Nature 2008 June

Black is the new grey for the shadow-tailed one

I’m not sure if it is just me or have others noticed all our seasons seem mixed up these days? I guess it could be to do with a climate influenced by global warming but then again just as easily the English obsession with the weather. Last year, our summer was much wetter than in recent years (as wet as 1914; a very wet year). This year, although a repeat is not expected, the Met Office tell us we are liable to have some unsettled spells with cool wet springlike days as late as June or July.

The name ‘squirrel’ comes originally from a Greek word meaning ‘that which makes a shade with its tail’. Squirrels are back in the news again for two reasons. Firstly grey squirrels have established themselves in Scotland, territory of the ‘reds’, for the first time and secondly, black squirrels are displacing greys in England. In mainland Europe black and albino variants of red squirrels are quite common but are unusual in Britain, meanwhile albino variants of grey squirrels have been regularly reported, mainly in Essex, Kent, Surrey and Sussex. Between 1876 and 1929, around 30 introductions of American grey squirrels were made into England and Wales although the ones introduced to Woburn Park (Bedfordshire) at the end of the 19th Century are attributed with their subsequent naturalisation in England. ‘Black’ examples of ‘greys’ have until now been limited in number but the situation is changing rapidly in seems. Surveys indicate there are about two million grey squirrels in the UK and between 125 and 150 thousand ‘reds’ the majority of which are in Scotland. However it has been estimated there are at also at least 25,000 black squirrels distributed across the eastern side of England. The ‘black’ is a variant of the common American invader the ‘grey’. When I say black, some are ruddy/brown/black while others are a sleek jet black, the latter offspring of two ruddy adults, two black or combination of both.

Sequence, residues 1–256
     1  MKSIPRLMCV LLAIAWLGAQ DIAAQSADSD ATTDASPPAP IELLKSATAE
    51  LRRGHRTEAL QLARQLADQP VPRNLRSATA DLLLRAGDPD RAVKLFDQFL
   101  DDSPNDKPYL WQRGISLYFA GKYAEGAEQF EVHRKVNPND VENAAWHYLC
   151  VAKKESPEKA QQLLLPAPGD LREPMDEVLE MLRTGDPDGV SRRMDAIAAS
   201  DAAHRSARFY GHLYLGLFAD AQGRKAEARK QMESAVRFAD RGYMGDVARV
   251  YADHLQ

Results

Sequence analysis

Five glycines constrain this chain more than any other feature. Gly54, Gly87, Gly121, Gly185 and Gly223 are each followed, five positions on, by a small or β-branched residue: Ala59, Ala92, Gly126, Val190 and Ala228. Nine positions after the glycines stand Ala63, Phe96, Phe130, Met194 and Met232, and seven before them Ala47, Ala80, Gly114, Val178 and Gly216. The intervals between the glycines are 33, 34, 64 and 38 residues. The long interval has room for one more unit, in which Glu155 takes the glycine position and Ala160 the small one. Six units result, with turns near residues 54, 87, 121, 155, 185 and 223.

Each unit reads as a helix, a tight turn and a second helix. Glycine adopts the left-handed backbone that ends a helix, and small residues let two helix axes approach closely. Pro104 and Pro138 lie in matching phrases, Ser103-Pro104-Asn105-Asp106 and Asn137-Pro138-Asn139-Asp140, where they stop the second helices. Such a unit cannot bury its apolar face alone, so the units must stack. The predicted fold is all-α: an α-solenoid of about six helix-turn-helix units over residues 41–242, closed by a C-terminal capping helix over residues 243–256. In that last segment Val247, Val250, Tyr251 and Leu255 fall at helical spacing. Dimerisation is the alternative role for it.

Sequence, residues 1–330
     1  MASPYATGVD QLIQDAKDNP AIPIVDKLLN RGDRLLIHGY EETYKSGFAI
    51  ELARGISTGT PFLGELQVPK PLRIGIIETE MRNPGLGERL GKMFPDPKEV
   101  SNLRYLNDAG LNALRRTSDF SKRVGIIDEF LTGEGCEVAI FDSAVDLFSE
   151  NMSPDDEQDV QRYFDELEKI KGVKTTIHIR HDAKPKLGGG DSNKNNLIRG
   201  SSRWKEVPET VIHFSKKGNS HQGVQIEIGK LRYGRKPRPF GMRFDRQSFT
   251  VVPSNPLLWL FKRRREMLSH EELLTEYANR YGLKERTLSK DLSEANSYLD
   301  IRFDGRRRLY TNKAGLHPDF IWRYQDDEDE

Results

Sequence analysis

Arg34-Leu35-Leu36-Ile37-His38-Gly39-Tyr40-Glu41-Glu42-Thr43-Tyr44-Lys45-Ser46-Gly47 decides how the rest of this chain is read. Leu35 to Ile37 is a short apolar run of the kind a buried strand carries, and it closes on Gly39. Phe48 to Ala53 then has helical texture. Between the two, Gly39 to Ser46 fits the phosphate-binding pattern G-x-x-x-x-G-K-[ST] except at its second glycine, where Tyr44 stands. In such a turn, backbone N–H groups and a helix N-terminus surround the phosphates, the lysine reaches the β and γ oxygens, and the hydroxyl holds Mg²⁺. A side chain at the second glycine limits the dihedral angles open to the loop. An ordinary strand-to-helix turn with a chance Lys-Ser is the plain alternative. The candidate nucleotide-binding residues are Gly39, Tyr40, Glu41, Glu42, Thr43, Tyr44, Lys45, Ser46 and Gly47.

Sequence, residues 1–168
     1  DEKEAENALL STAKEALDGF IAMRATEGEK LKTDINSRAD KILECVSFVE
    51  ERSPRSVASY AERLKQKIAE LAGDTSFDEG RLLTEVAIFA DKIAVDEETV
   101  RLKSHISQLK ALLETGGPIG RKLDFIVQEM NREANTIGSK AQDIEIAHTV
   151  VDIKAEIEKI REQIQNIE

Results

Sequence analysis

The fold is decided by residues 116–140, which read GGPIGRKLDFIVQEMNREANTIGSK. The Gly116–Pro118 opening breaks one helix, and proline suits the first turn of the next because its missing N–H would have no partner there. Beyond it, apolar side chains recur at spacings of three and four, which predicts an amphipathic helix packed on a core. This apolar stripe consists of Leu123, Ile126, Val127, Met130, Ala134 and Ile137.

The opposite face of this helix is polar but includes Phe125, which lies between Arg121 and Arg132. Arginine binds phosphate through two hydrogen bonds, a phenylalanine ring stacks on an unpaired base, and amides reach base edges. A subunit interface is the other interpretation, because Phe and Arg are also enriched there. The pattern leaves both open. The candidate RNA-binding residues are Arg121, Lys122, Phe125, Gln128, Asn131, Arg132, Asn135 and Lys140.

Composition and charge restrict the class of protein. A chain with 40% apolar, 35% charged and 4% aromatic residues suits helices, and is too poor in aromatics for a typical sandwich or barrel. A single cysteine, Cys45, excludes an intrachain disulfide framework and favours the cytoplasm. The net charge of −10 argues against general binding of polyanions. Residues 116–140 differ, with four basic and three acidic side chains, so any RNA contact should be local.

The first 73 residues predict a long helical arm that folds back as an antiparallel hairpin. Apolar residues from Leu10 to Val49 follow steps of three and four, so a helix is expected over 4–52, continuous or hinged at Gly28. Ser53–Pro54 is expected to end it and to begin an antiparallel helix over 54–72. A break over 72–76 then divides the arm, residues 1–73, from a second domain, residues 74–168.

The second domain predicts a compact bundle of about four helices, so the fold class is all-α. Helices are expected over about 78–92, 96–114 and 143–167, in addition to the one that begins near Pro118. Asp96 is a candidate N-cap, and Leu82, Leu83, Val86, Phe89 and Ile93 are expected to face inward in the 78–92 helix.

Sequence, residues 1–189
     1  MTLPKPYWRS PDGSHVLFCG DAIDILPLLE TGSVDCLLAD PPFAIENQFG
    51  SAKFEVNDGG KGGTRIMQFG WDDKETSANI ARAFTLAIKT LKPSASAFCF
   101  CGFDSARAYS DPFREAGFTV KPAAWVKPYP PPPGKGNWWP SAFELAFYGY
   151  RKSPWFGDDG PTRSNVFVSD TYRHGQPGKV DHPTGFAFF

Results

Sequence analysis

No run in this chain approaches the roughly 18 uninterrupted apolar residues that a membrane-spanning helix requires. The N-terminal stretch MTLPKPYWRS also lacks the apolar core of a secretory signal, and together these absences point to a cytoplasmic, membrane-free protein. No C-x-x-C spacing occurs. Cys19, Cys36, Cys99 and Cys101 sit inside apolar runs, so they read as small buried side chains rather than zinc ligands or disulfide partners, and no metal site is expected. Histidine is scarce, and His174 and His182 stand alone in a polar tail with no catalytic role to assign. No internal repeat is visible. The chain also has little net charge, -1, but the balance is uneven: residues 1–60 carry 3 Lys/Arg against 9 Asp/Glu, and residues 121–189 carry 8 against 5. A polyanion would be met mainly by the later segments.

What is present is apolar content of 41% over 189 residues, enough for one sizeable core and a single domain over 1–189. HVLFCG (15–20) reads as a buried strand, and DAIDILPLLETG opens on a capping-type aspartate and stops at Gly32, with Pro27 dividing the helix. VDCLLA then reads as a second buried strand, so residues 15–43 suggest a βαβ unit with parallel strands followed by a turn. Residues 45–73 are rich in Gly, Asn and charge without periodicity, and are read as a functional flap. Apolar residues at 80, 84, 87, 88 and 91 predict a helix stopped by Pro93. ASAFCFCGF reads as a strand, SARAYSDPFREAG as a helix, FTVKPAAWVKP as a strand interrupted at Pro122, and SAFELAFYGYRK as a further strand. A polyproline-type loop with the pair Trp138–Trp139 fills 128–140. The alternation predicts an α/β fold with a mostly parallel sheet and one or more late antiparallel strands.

But why? Where blacks occur they appear to be dominant over their grey cousin. Genetically they are missing a sequence of DNA. As originally described by Darwin in his theory of Natural Selection for such a mutation to persist it must be giving the black variety an advantage: in this case providing the black with a better immune system or higher levels of testosterone in its blood, which in turn influences the animal’s behaviour. In short they are thought to display more aggressive behaviour than the more placid grey – tell that to a red squirrel at the time the greys were introduced!

The first sighting of the black mutant was in 1912 in Letchworth Hertfordshire, which now has a black squirrel as its town mascot. Since then they have spread out to other parts of Herts and Cambridgeshire where in some villages (e.g. Girton) they represent 50% of all the squirrels present and it is anticipated to move into parts of East Anglia. So are they coming this way? Maybe. The sightings nearest to us have been in Whipsnade and nearby Studham, which is, but a squirrel leap from Ashridge forest. So it is quite possible the odd black shadow-tail is lurking in a beechwood around here. Keep an eye open.